If the pseudo-reasons are justifiable, then no harm, no foul. If they aren't, it won't be very hard to expose them. "Permissible surrogates" can run, but they can't hide very well.

I wonder if this is true. Given the relatively poorly-informed state of (say) the American electorate, I think the surrogates can and do hide very well. (I mean, 50% of surveyed US citizens believe the sun orbits the earth. A clear majority supported the war in Iraq and believed that Saddam had something to do with 9-11: we know differently now, but the decision for war has been made already.)

That's partly why I'd like to see the "real reasons" out in the open.

Kind regards,

Greg

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Sure. As I keep saying, only you and God get to decide on this issue. I can't peek inside yours, and you can't in mine.

A fair concern. That's why each person has to decide their own "threshold" for what will convince them.

<_<
So, why do what those people think get to trump what I think in my own political actions and choices? If I want to vote or advocate my conscience on religious grounds, it seems to me that this is the whole point of the First Amendment.
I think I understand what you're getting at, but your choice of example confuses me; I think you put yourself in a bit of an awkward position here. By choosing the constitutionality of abortion to make your point (which you do later in your post), you imply that religion can legitimately operate at the level where decisions about basic rules of society -- decisions about rights -- are made. If you say that, though, then you seemingly have no reason to say that First Amendment rights wouldn't be similarly up for grabs. Why is one sacrosanct but not the other? It seems to me that you'd have to appeal to a broad liberalism to support First Amendment rights, but to do so would undermine your more general point.
Well, of course they have to be made that way ultimately--i.e., if all I've got is my personal conviction, and can't muster anything else, that isn't going to persuade many people, and in a democracy you need a majority of the people (simplifying, of course, but you get that) to agree with you to pass the law.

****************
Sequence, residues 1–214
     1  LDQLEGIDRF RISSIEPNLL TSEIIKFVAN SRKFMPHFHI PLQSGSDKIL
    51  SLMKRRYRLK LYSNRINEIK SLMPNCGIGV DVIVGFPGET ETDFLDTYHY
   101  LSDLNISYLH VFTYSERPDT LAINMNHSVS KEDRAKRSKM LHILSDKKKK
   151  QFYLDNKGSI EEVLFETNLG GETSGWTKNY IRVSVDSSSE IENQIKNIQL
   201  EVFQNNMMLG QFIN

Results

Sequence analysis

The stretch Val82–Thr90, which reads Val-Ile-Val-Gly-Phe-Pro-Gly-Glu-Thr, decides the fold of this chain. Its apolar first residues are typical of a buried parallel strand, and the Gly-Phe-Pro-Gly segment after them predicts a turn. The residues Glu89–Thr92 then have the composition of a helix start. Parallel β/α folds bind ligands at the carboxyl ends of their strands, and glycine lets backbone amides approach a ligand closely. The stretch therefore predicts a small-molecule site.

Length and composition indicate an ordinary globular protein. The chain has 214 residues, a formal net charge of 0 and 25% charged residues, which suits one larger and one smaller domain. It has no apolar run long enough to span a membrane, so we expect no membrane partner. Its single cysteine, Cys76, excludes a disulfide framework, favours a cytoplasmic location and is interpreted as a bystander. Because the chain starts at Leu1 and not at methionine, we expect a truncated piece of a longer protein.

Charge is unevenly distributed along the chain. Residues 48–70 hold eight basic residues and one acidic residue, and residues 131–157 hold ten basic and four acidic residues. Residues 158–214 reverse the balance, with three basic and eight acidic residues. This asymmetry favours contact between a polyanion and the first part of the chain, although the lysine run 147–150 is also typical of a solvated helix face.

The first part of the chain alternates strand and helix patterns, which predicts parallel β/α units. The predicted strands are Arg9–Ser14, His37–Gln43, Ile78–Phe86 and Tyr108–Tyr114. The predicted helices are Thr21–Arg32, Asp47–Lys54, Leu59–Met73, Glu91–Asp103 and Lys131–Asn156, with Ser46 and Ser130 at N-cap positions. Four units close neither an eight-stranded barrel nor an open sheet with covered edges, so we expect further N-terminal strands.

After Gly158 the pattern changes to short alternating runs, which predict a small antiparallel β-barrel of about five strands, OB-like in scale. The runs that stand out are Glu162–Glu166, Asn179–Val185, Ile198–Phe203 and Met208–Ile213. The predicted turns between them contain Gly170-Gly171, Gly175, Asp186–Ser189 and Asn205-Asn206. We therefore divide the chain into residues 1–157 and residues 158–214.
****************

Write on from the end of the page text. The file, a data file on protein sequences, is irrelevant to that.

But, if a large group of us have similar convictions, then we get to act on those. As I've said, I don't think anyone is going to have _only_ a personal epistemologic commitment to something, since there is little easier than to come up with other reasons to support what we want to support.

Ah, see, I thought you were denying me the right to advocate for the law to be changed. Of course I gotta convince other people. We're closer than I thought.

This is exactly what I'm afraid of, though. A scenario is easily imaginable in which a majority of people share private beliefs which they use to browbeat the rights of a minority. Just because something has enough popularity to win support in a democracy doesn't mean it's permissible. Anti-miscegenation laws leap to mind here.
So, what if I make my case solely on "moral" or "religious" grounds--that abortion is morally wrong? What if I persuade enough people, to (say) pass a constitutional amendment and get it ratified.

Is this kosher? It would seem to me that it is. No one gets to quiz people when they go into the voting booth on whether an advocated policy is being voted for on "ideologic" or "practical/secular" grounds.

Exactly. Which is why we have the 1st Amendment, which says you don't get to do that. The Founders realized the dangers of personal epistemology run amok when linked to state power--state Churches, religious tests for governmental positions, government taxation going direct to certain churches and not othres, etc. Thus, the genius of the American set-up, I think, is that it permits all those personal epistemologies to check and balance each other.

No; not if the First Amendment itself is in grave danger of being usurped. As I wrote earlier, I believe that this danger is very real if we say that constitutionality is allowed to be (at least partially) determined by non-public reasoning.